Living in the Genesee Valley awards students with an appreciation for nature that keenly incentivizes environmentally friendly practices.
The Geneseo Environmental Organization hosted an apple canning workshop to culminate its Sustainability Month programming in the Interfaith Center on Sunday Oct. 29. Members of GEO prepared their own canned apples and applesauce from both freshly picked and purchased crops.
GEO hosted an apple picking fieldtrip to The Apple Farm in Victor, N.Y.—less than two hours away from Geneseo—with about 13 attendees on an earlier weekend in October, according to e-board member senior Paul McDermott. Using their pickings, the organization presented an instructive apple-canning workshop.
Both the apple picking and canning programs fit into GEO’s larger celebration of Sustainability Month throughout October. McDermott emphasized the importance of local food production—which decreases both carbon emissions and food waste—in sustainability initiatives.
“Sustainability affects us all in different ways,” McDermott said. “We should try to leave [the planet] better than we found it.”
As they peeled their apples, GEO members echoed McDermott’s sentiments on the crucial role of sustainable practices. They agreed that, through participating in GEO, they have gained an appreciation for the affects that their individual actions and decisions have on the environment.
“I think that these kinds of events are really fun and informative—especially the cooking ones,” international relations major junior Sheila Barabino said. “I’ve learned so much about organic food and it’s a good way to meet new people.”
GEO members peeled approximately 22 pounds of apples before boiling, mashing and sealing them for preservation. If left unopened, the apples remain fresh for about one year, according to Barabino.
While everyone acknowledged that students might initially struggle to alter their habits, the GEO members reiterated that every little step toward sustainability catalyzes the movement.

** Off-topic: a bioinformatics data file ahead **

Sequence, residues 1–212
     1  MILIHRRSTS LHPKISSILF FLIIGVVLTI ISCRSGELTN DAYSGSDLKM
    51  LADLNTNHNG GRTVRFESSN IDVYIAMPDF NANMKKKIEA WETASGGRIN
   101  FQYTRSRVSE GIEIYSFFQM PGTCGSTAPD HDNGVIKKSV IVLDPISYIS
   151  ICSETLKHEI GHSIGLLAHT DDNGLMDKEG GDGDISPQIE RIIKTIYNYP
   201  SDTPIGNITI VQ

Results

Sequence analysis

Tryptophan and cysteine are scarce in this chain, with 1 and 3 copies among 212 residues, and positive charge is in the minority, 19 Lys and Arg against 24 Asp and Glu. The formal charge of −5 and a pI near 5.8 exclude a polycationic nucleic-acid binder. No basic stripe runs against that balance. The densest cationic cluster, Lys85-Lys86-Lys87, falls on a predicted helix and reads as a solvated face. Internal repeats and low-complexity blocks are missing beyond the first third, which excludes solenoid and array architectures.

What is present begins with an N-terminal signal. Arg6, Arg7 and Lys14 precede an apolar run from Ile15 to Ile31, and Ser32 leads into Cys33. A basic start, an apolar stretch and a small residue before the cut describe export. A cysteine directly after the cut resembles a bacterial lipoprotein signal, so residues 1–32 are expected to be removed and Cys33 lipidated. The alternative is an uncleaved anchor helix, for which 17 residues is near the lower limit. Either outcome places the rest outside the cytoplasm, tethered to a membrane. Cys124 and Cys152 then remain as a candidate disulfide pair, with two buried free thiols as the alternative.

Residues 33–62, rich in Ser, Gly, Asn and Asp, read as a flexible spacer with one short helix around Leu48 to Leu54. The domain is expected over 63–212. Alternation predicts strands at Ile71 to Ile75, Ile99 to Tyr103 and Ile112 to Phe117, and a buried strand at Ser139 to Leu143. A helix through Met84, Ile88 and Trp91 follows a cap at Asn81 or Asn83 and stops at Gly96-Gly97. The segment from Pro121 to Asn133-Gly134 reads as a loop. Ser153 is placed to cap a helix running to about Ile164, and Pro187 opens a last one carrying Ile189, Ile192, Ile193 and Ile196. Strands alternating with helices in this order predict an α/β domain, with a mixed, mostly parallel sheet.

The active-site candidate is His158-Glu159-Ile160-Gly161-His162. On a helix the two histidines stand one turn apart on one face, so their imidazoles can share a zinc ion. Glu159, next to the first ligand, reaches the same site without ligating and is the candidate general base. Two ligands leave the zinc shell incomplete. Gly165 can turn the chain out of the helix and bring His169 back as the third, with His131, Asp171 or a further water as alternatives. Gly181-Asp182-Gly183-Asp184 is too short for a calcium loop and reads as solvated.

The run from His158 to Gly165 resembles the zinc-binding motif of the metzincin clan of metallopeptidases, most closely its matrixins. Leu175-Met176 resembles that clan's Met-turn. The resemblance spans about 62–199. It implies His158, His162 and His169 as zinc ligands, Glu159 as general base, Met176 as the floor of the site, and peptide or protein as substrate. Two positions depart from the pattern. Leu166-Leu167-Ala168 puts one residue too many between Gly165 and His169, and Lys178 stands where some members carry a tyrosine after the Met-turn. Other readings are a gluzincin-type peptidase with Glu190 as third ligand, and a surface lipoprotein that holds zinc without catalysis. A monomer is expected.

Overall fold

“It can be hard to get a lot of people to come to [sustainability] events, but as long as we reach out to a few new people it’s a success,” mathematics major junior Meredith Saucci said. “Not only on our campus, but everywhere it’s important for everyone to know about sustainability.”
Living on campus, students might struggle to know the exact preparation practices or ingredients used in their food. They may similarly find themselves at a loss when wondering where their waste goes. GEO, therefore, emphasizes the importance of educational components in its programming, like the apple canning workshop.
Raising consciousness around sustainability contributes to achieving a more environmentally friendly campus, according to accounting major junior Cara O’Shea, who has helped plan the apple-canning event for three consecutive years.
“The purpose of these events is to bring awareness to local food consumption,” O’Shea said. “It is more sustainable to eat locally, and importing food creates a much larger carbon footprint.”
People interested in sustainability should learn which crops grow during each season, O’Shea suggested. By purchasing in-season food, consumers aid sustainability efforts by decreasing the need for importation and lowering the carbon emissions generated through shipping. To live sustainably on campus, students could compost, recycle or reduce food waste by practicing mindful consumption, according to O’Shea.
“People should be more aware of food waste and waste in general,” O’Shea said. “Just keeping that in the back of your mind isn’t too difficult.”u